The natural home of the orangutan is the leafy rain forests on the islands of Sumatra and Borneo, but development has devastated their numbers. There are less than 30,000 of the species left today.
Orangutans can fill us with wonder partly because they are so much like us.
But two of the orangutans at the Oregon zoo, 52-year old Inji and 18-year-old Kutai, are part of a species fast disappearing.
"All of the apes are endangered but orangutans, I think, are at a critical point right now," said Jennifer Davis, who runs the Oregon zoo's primate program.
She recently wanted to see their plight first-hand in their most important habitat.
"So I flew to Sumatra," Davis said. "I expected to see just lush tropical rainforests, and as far as I could see, it was just palm oil plantations."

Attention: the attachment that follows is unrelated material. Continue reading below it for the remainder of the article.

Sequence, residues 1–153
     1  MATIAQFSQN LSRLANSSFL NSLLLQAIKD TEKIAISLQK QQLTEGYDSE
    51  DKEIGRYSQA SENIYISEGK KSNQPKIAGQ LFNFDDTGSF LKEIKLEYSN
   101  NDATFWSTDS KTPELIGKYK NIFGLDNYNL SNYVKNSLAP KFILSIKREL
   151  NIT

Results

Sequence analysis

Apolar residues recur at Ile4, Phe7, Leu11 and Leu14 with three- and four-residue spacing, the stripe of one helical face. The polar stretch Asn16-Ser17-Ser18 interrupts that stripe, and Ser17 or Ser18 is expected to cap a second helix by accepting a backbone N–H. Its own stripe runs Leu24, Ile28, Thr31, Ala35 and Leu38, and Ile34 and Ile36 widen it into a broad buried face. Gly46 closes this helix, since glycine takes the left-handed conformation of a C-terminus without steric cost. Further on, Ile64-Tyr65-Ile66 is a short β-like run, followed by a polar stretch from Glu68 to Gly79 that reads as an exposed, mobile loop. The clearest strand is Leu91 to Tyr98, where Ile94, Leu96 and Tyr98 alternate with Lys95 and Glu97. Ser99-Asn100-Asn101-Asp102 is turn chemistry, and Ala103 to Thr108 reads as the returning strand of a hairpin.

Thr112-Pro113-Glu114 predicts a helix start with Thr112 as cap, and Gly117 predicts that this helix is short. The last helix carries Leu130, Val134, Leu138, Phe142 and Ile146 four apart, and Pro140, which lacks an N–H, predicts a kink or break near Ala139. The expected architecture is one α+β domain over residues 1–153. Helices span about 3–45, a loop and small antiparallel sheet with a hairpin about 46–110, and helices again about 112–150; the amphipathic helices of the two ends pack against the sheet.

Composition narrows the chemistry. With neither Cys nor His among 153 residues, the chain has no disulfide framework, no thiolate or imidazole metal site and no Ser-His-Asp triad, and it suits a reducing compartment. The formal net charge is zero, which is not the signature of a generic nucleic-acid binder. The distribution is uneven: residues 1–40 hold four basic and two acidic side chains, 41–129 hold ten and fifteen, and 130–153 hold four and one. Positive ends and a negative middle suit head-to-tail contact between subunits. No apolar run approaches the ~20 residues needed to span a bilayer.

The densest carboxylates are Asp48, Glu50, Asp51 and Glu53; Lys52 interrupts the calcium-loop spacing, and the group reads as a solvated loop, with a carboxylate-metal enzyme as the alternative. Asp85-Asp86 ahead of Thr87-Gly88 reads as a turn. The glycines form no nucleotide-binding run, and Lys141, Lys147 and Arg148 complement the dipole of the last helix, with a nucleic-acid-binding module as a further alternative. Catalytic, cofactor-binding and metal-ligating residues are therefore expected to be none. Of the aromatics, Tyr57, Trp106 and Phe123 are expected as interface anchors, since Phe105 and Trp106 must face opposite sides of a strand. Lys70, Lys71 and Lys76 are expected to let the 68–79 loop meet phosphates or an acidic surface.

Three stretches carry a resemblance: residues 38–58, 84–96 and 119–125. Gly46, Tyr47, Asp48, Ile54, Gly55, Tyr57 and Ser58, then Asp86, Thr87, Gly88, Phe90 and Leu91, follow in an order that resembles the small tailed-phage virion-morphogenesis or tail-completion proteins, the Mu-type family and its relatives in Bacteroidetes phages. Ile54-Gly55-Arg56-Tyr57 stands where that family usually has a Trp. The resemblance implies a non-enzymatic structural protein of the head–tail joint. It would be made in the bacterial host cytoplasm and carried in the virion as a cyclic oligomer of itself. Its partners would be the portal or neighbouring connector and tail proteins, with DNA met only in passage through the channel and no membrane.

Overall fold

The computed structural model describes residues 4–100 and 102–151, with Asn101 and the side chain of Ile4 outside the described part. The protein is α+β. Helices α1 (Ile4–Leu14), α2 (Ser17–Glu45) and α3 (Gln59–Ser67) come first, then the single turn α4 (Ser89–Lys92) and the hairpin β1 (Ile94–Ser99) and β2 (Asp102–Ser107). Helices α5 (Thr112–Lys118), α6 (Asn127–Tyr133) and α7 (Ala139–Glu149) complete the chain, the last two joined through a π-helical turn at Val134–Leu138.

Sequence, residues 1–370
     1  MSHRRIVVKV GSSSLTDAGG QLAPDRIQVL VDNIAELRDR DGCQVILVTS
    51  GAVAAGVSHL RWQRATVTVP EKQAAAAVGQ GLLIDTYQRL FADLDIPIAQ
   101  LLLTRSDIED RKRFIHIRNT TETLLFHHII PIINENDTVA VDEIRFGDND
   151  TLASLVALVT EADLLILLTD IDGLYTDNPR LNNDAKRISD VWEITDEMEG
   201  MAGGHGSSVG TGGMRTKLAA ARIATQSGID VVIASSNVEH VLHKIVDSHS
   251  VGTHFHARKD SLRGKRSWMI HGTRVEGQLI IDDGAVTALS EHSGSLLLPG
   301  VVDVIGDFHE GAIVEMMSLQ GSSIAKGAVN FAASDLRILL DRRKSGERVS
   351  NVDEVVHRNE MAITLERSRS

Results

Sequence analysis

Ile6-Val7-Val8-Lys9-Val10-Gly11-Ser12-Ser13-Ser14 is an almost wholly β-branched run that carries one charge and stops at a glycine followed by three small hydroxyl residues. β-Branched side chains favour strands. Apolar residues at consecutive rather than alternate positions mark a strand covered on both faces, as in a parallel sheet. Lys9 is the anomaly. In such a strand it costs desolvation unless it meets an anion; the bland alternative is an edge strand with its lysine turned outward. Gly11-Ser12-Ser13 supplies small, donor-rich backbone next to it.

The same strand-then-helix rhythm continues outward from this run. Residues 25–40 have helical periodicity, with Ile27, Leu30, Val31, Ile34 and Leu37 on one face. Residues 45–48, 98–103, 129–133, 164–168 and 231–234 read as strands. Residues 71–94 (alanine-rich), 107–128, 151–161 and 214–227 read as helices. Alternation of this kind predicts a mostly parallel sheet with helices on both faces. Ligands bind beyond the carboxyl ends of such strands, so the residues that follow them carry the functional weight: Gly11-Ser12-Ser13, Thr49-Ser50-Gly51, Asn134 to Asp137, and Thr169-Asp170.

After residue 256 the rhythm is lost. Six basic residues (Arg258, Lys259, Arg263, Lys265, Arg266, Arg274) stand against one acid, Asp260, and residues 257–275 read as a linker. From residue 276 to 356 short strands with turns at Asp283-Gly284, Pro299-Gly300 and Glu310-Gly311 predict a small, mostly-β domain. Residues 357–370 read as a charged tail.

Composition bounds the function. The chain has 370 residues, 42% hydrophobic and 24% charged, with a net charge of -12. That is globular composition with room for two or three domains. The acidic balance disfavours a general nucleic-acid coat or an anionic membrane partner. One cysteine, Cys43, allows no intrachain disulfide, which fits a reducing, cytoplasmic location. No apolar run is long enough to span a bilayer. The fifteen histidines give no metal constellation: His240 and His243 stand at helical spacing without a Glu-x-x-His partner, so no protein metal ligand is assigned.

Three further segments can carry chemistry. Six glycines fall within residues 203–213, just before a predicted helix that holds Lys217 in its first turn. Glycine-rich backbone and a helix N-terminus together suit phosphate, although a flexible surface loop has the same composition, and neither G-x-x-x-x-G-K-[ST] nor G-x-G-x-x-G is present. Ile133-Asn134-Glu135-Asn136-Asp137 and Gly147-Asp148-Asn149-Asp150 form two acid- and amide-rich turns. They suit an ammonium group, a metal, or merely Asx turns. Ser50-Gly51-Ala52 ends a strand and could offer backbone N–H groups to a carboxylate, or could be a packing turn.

Huge plantations for producing palm oil are wiping out the rainforests in Sumatra where most orangutans live.
"It 's a very, very precarious situation," said Ian Singleton, who heads the Orangutan Conservation Program in Sumatra.
Singleton said the biggest threat is the growing demand for palm oil.
"You'd be amazed just how many products it's in. It's in shampoos, it's in soaps, it's in your biscuits, in chocolates. It's everywhere," Singleton said.
So those working to save the animals are asking consumers to start looking for a label that says "orangutan friendly."
Continue reading (Incl. Video) at: The orangutan population is on the brink